Monday, July 20, 2020

Garden Truths

Today, I am following a prompt from Ethical ELA's July Open/Write, five days of poetry writing with other Teacher/Writers. The inspiration is to write an ghazal - which was totally new to me:

The ghazal is a Persian poem that is a chain of between 5-15 couplets which can be read as independent poems with a refrain of 1-3 words that repeat. In the traditional form, the word before the refrain would rhyme in each following couplet.The refrain is repeated in the second line of each couplet. Each couplet should be about the same length. Topics often include loss,religion, longing, or romantic love. 

Yesterday's thinking about digging in the garden led to this poem:

Garden Truths


Restoration of the garden while enduring heat so stark

Wallowing in dirt’s coolness and the illuminating dark


Loam, clay, mud, silt, sand, there are so many types of soil

Microscopic life within the illuminating dark


Uprooting noxious weeds hiding deep within

Growing fiercely during the illuminating dark


Weeds can halt erosion, some flowers a nuisance spread,

It’s not just one or the other, declares the illuminating dark


What we have is fragile, tender, strong, and possible,

We hold life between our fingers in the illuminating dark

Here are the comments I received on Ethical ELA:

Anna Roseboro

Maureen, your poem could be both a literal and metaphoric description of what many are experiencing and doing during this pandemic. Some of us are participating in written and oral conversations that are unearthing long-held beliefs, teachings, and policies that we are learning may be the cause of some of the social unrest that is spawning the protests and the responses to the pandemic.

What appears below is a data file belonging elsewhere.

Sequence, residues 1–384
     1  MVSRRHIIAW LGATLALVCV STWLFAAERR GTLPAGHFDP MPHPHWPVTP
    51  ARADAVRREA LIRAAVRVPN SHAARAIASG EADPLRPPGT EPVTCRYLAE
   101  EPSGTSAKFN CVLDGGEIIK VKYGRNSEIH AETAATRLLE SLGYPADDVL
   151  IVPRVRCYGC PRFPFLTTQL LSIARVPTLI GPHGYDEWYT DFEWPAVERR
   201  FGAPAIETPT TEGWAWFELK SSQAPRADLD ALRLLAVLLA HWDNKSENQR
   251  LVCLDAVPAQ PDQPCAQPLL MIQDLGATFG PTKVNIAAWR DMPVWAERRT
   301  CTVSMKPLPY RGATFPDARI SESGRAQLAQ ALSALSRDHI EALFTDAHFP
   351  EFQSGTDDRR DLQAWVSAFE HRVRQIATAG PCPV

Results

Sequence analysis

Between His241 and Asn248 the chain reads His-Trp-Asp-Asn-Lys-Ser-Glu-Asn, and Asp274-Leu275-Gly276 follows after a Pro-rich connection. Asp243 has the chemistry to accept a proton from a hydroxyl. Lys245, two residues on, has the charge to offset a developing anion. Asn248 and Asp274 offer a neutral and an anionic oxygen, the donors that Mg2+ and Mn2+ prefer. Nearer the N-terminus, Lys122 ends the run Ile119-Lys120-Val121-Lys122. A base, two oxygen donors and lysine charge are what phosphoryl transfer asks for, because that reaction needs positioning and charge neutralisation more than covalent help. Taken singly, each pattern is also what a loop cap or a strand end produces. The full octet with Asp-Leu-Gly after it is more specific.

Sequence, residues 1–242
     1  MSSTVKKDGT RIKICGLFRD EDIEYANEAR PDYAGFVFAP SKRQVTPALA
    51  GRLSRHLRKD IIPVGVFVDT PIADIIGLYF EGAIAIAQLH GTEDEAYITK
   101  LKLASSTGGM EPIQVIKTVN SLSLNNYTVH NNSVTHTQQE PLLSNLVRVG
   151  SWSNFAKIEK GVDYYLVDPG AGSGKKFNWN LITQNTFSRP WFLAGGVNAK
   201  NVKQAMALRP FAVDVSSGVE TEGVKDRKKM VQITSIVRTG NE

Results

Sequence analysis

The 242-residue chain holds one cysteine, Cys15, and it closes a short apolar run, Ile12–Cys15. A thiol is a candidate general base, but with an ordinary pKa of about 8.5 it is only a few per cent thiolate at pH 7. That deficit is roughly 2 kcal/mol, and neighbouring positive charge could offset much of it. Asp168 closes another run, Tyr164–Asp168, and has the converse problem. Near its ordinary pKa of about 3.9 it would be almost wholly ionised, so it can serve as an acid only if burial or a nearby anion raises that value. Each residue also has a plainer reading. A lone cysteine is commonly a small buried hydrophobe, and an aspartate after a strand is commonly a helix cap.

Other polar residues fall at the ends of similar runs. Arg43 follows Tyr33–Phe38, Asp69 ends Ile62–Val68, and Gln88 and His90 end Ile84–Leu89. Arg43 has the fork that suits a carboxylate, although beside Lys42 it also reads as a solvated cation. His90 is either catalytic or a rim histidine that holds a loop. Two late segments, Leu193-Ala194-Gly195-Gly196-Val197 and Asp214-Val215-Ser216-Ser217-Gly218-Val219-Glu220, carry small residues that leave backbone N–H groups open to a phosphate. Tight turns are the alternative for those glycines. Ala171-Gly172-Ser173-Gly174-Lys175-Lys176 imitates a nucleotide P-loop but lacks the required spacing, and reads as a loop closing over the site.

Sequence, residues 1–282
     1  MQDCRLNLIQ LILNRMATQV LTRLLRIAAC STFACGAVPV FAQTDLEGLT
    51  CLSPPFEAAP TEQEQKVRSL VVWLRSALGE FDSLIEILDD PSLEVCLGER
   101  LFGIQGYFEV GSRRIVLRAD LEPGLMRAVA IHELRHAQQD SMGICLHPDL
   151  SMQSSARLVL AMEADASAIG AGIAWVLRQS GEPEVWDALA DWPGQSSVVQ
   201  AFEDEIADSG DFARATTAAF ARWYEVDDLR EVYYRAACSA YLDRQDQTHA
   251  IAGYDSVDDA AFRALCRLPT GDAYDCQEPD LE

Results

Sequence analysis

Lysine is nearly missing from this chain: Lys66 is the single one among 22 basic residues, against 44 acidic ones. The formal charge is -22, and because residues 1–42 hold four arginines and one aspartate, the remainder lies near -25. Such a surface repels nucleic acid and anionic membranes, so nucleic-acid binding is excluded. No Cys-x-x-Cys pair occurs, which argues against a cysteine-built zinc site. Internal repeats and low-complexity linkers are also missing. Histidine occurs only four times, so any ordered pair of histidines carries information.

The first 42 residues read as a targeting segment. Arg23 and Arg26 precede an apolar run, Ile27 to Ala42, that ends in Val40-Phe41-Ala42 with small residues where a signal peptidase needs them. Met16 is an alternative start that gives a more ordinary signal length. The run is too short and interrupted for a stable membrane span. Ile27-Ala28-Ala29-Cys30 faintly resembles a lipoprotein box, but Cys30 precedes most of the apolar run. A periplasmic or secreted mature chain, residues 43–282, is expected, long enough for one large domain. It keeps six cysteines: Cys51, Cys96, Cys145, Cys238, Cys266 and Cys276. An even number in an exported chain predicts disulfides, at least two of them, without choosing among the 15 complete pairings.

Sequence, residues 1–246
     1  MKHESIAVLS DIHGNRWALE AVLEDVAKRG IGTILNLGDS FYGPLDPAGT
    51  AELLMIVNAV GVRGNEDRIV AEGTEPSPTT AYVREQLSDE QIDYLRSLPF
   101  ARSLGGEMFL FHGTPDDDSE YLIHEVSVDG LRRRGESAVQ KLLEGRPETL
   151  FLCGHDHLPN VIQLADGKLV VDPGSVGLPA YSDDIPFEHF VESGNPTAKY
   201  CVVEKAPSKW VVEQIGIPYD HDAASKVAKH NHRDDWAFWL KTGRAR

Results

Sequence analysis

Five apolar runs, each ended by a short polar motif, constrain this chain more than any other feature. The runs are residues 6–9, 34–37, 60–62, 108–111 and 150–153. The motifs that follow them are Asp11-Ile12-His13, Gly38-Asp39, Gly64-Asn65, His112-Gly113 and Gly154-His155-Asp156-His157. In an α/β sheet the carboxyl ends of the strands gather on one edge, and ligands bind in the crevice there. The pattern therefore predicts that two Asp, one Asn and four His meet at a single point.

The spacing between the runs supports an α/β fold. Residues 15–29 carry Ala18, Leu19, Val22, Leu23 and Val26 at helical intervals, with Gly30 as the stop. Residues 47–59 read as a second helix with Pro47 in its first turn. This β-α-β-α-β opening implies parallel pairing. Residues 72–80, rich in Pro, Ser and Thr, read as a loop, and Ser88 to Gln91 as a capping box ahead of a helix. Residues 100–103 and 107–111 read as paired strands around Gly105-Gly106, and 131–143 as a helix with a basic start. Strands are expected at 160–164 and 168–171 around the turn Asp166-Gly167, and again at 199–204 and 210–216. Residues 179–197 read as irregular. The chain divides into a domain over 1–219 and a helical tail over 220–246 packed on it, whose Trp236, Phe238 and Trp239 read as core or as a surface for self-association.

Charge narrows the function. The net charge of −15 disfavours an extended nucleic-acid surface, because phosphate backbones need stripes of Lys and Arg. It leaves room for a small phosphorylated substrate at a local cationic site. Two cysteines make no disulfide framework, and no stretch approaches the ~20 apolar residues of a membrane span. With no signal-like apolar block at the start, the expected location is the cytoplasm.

Others are tending the new insight we’re gaining and new friendships we’re making knowing that both need tender care to grown and become productive agents for positive change. We each hope we’re planting new seeds of truth that will feed the minds of those with whom we interact in ways that show compassion, respect, and forgiveness whether or not either is extended to us.

Thanks for the beauty of your poem and the challenge of your message.


Oh my science teacher soul is made so happy by stanza 2…
Gardens are such a rich place for reflection. You captured your thoughts using beautiful words and images.

Mo Daley

What a perfect oxymoron to write about! I read your poem as a call to harken back to simpler times. Interacting with nature has been a lifeline for me during the pandemic. I think friends sometimes tire of me talking about flowers, birds, or trails, but those things are helping me find peace. Thank you for your beautiful words.

Tracie McCormick

Maureen, the layered meaning of these lines,

“What we have is fragile, tender, strong, and possible,
We hold life between our fingers in the illuminating dark.”

is intense! So much to contemplate! So discussable!

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